B.C. health minister George Abbott announced Monday (May 5) that girls entering Grades 6 and 9 will be offered the controversial human papillomavirus (HPV) vaccine Gardasil. The vaccine prevents infection of HPV types 16 and 18, which cause about 70 percent of cervical cancer cases.
Despite a glowing endorsement from BC Cancer Agency vice-president Dr. Andy Coldman, who called the move “an important step forward” that “complements our current efforts in the fight against cervical cancer” in the government’s press release, Gardasil has not been uniformly embraced by the medical community.
In August 2007, a commentary expressing concerns about Gardasil appeared in the Canadian Medical Association Journal, written by Dr. Abby Lippman of McGill University’s Department of Epidemiology, Biostatistics, and Occupational Health; Dr. Ryan Melnychuk of Dalhousie University’s Department of Bioethics; Carolyn Shimmin, information centre coordinator of the Canadian Women’s Health Network; and Madeline Boscoe, executive director of the Canadian Women’s Health Network and policy and advocacy coordinator for the Women’s Health Clinic in Winnipeg.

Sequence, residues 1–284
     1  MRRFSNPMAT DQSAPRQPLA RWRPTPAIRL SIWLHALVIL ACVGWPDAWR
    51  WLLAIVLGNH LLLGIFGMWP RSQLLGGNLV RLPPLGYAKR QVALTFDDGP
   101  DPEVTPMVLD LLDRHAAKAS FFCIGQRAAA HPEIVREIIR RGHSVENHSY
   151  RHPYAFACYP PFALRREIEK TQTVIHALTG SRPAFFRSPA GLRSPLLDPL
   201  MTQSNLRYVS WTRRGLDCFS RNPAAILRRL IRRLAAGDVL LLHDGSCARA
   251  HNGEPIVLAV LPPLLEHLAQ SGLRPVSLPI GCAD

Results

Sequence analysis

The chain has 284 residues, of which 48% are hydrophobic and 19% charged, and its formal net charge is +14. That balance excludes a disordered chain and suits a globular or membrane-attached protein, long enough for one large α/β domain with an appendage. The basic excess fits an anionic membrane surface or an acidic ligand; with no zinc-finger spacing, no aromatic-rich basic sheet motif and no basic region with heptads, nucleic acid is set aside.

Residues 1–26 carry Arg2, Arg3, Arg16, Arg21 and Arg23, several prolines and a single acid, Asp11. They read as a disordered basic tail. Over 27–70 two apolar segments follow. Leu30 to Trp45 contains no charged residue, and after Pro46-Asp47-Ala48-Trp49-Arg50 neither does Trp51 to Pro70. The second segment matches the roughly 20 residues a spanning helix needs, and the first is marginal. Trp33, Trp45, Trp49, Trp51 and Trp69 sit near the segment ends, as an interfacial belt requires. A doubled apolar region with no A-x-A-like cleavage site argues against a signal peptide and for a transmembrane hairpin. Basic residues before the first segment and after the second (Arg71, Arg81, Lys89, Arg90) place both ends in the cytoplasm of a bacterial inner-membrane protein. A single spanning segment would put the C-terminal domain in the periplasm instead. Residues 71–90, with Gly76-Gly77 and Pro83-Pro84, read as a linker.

In their commentary, they noted that information about the efficacy of Gardasil remains uncertain, that relatively few girls (about 1,200 aged nine to 15) were enrolled in the vaccine’s clinical trials, and that, at a cost of $404 for three required doses, the vaccine is one of the most expensive proposed for mass use.
In the government’s press release, Dr. Monika Naus, head of the immunization program at the B.C. Centre for Disease Control, stressed that because the vaccine does not prevent all cancer-causing strains of HPV, regular Pap tests will still be necessary.
According to the BC Cancer Agency, in 2007 approximately 144 women in B.C. were expected to be diagnosed with cervical cancer, and 45 would die from the disease.